- The Washington Times - Wednesday, September 17, 2008

NEW YORK | So these two stockbrokers walk into a bar. They order drinks before they think about lunch, but they don’t say anything funny.

In fact, no one is saying anything inside the Full Shilling, a typical dark-wood bar across the street from American International Group Inc. (AIG) headquarters near Wall Street.

More than a dozen men in shirtsleeves or sport coats stare intently at the television airing CNBC, mesmerized by the stock and news crawls at the bottom of the screen.

Few are eating, and no one is talking. It is a laid-back pub with a poisonously tense atmosphere.

“We’re waiting to see if anyone is going to bail out AIG,” said Bill (“just Bill”), a stockbroker nursing a cola.

He says none of his clients are invested in the largest — and shakiest — insurance company in the world, but the implications can hardly be avoided, no matter where one’s money is parked.

“A dollar says the Fed will lower rates by a quarter-point,” he calls to the brokers and lawyers beside him at the bar.

Ten minutes later, he loses his bet to the lawyer to his right.

The stock market gained some of the ground it had lost in Monday’s bloodbath on Tuesday’s news that Washington would offer AIG a “loan package” to bridge its liquidity crisis. And investors were modestly cheered that Barclays Bank would buy a piece of the venerable Lehman Brothers, saving thousands of jobs.

But there was little joy in New York’s financial center.

Shares of Lehman, AIG and Washington Mutual, the largest thrift in the country, were trading close to the penny stocks Tuesday, despite slivers of good news amid the wreckage.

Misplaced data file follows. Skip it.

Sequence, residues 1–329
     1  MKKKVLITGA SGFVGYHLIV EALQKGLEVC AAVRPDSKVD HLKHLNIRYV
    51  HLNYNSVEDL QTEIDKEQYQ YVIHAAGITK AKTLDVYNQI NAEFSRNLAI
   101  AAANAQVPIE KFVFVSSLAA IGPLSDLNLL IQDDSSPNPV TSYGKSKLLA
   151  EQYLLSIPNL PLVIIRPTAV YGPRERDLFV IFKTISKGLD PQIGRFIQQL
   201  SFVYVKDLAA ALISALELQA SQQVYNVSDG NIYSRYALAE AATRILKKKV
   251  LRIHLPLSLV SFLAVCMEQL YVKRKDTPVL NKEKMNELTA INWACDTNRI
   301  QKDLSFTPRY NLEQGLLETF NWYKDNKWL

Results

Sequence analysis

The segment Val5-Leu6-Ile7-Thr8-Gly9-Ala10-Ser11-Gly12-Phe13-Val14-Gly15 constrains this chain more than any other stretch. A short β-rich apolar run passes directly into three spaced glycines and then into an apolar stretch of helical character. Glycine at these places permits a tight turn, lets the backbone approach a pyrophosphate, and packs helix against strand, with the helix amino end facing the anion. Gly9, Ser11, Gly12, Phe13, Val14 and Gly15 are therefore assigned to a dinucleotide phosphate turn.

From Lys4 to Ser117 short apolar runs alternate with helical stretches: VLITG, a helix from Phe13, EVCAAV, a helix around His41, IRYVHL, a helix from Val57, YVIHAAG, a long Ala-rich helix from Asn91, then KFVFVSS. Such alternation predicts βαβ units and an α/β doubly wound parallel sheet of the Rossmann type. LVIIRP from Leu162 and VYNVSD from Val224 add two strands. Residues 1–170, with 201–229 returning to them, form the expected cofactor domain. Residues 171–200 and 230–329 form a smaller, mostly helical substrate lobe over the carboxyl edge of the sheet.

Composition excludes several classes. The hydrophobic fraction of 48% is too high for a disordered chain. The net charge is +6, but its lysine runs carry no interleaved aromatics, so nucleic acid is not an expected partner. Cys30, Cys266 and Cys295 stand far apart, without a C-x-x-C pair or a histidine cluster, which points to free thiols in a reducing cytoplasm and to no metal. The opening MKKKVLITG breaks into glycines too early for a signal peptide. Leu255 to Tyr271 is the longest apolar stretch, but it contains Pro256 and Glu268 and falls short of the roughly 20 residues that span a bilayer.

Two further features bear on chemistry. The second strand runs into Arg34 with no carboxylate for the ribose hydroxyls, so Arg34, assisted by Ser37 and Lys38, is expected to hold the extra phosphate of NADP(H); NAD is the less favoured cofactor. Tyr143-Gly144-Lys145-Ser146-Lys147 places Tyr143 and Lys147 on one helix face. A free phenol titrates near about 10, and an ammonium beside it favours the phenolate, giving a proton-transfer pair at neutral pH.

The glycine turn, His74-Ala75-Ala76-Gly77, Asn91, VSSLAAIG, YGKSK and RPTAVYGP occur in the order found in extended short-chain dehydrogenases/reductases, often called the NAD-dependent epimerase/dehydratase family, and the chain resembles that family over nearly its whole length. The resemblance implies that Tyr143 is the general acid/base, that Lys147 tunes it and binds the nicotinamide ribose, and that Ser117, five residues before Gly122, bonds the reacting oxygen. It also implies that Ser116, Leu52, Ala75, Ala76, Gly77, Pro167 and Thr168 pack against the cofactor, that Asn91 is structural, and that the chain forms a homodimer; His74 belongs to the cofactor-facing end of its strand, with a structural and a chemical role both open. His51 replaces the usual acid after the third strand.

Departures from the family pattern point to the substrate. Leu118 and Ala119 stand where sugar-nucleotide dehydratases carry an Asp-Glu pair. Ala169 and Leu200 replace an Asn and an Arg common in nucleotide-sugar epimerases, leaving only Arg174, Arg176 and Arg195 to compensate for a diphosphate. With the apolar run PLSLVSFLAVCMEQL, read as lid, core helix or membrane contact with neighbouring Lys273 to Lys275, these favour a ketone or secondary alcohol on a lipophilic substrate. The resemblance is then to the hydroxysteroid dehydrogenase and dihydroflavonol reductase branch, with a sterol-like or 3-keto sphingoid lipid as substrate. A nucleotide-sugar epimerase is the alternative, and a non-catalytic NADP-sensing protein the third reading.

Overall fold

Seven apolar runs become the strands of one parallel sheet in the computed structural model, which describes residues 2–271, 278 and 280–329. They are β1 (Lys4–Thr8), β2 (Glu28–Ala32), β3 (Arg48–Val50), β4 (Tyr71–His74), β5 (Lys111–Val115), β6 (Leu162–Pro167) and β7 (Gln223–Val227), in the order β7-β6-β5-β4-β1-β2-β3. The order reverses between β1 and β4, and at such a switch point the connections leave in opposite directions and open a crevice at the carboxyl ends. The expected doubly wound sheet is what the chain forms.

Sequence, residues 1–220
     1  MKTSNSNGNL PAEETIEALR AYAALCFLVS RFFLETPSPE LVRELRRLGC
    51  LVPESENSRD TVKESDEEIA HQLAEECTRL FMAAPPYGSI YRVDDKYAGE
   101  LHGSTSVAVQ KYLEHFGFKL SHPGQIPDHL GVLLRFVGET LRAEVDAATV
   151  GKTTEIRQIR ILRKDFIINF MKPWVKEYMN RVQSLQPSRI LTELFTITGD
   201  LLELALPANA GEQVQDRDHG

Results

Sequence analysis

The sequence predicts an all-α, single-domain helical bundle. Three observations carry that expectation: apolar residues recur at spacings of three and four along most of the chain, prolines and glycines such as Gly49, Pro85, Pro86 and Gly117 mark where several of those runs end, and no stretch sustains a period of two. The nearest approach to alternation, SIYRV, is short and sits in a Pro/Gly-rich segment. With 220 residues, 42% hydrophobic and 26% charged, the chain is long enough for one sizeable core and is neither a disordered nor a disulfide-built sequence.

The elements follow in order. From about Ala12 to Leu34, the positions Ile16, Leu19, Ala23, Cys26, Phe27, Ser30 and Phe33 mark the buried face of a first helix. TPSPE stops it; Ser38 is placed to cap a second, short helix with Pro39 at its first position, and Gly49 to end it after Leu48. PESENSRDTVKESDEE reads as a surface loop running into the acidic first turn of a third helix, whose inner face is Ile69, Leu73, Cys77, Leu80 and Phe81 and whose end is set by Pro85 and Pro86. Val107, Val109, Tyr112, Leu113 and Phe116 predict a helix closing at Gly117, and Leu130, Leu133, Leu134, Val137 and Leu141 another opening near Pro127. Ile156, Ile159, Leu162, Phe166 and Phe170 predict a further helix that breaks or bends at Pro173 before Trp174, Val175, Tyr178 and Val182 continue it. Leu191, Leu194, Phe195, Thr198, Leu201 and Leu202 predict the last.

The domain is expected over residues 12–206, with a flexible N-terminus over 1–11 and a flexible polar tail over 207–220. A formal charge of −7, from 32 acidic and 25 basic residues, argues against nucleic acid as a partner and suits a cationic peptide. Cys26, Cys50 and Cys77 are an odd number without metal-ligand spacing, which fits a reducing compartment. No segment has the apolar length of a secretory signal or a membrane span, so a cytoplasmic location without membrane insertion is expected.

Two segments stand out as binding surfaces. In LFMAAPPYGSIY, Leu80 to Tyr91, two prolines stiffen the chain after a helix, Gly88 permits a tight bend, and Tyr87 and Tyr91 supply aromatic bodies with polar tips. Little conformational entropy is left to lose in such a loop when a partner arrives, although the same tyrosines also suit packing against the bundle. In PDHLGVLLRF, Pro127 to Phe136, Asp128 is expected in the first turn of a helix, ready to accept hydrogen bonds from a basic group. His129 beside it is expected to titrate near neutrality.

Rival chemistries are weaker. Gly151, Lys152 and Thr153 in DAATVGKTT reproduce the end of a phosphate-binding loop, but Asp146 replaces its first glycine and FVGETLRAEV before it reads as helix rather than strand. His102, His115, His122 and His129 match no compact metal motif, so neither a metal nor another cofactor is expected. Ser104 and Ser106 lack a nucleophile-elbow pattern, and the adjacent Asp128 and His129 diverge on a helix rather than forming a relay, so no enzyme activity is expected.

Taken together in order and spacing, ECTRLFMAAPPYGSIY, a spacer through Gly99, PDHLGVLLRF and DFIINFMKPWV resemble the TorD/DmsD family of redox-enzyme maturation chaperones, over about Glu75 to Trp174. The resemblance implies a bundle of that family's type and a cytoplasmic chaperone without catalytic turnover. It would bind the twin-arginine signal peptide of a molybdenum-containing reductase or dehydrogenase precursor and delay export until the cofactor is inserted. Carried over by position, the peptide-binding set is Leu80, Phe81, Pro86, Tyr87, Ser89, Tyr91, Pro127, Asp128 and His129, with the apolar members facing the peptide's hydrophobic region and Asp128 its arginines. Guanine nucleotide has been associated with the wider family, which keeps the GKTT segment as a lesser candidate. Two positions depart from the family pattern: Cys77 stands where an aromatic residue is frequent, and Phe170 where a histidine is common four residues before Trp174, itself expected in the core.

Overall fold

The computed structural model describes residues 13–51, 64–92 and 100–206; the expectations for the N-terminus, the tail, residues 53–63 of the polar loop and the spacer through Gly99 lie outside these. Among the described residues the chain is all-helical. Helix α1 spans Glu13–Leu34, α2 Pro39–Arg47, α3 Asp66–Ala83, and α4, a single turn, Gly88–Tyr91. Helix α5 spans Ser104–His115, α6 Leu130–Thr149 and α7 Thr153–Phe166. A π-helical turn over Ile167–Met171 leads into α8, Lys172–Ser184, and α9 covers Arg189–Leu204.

Even Goldman Sachs, which received a favorable rating Tuesday from Standard & Poor’s, posted its biggest decline since the company went public in 1999.

Notably, JPMorgan and Bank of America, both up 11 percent, help offset the AIG undertow.

“Do you work down here?” asked a reporter.

“For now,” snapped a man in a herringbone suit, waving away further questions.

The men and women who draw bonuses seem to know that public sympathy might be thin, especially compared with footage of families in Galveston, Texas, who lost their homes to Hurricane Ike.

Experts say it’s too soon to know how much blood will be shed in the financial centers, but few expect the overlapping crises of the subprime-mortgage scandals, the bank collapses and, soon perhaps, the auto and airline industries, to end soon — or well.

Outside the glass towers that house the headquarters of AIG, Merrill Lynch, Lehman Brothers and CitiGroup — shrunken behemoths that a year ago seemed too big to fail — the scenes appeared to be business as usual Tuesday.

The lobby newsstands were filled with gut-wrenching headlines and the Rolaids to treat their side effects. The entrances sheltered employees commiserating over cigarettes and sodas.

The top executives dined, albeit a little guiltily, at high-dollar restaurants; the midlevel bankers and brokers drowned their sorrows in a burger and draft at one of the scores of five-tap pubs throughout the areas; and the administrative assistants grabbed their salads and sandwiches from chain restaurants.

Even the employees of unaffected law and real estate firms said they felt something crackly and sad this week in the atmosphere around them.

“We’re getting a few more resumes,” said an employee of Downtown Graphics, which boasts copy and typesetting services.

“Mostly administrative people, secretaries,” he said. “Not the executives.”

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